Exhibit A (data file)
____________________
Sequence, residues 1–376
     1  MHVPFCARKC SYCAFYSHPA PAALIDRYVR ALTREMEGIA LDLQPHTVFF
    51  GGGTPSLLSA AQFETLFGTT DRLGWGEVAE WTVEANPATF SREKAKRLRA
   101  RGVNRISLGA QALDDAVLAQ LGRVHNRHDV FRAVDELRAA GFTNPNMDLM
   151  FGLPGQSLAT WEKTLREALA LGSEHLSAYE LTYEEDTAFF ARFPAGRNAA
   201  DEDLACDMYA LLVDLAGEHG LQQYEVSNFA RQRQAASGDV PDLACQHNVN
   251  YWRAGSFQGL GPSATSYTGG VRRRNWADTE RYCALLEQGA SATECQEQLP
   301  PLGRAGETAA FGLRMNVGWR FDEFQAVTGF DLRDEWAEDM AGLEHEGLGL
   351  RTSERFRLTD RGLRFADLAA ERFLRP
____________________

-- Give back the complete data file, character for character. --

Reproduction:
Sequence, residues 1–376
     1  MHVPFCARKC SYCAFYSHPA PAALIDRYVR ALTREMEGIA LDLQPHTVFF
    51  GGGTPSLLSA AQFETLFGTT DRLGWGEVAE WTVEANPATF SREKAKRLRA
   101  RGVNRISLGA QALDDAVLAQ LGRVHNRHDV FRAVDELRAA GFTNPNMDLM
   151  FGLPGQSLAT WEKTLREALA LGSEHLSAYE LTYEEDTAFF ARFPAGRNAA
   201  DEDLACDMYA LLVDLAGEHG LQQYEVSNFA RQRQAASGDV PDLACQHNVN
   251  YWRAGSFQGL GPSATSYTGG VRRRNWADTE RYCALLEQGA SATECQEQLP
   301  PLGRAGETAA FGLRMNVGWR FDEFQAVTGF DLRDEWAEDM AGLEHEGLGL
   351  RTSERFRLTD RGLRFADLAA ERFLRP